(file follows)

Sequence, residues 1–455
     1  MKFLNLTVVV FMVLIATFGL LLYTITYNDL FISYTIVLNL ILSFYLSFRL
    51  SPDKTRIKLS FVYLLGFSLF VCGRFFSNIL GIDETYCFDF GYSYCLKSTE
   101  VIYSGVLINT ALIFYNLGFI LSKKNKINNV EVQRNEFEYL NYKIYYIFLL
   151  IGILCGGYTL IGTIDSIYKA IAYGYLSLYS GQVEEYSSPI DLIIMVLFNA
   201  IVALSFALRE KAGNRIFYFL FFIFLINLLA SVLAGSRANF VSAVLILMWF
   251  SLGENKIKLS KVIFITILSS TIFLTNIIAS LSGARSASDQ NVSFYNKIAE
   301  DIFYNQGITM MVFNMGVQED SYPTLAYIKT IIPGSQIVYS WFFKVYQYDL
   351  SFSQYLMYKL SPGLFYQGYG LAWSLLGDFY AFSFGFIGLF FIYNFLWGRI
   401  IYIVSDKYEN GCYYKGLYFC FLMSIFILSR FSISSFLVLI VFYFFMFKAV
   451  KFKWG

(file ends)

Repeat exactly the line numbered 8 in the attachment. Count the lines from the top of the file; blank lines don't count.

   301  DIFYNQGITM MVFNMGVQED SYPTLAYIKT IIPGSQIVYS WFFKVYQYDL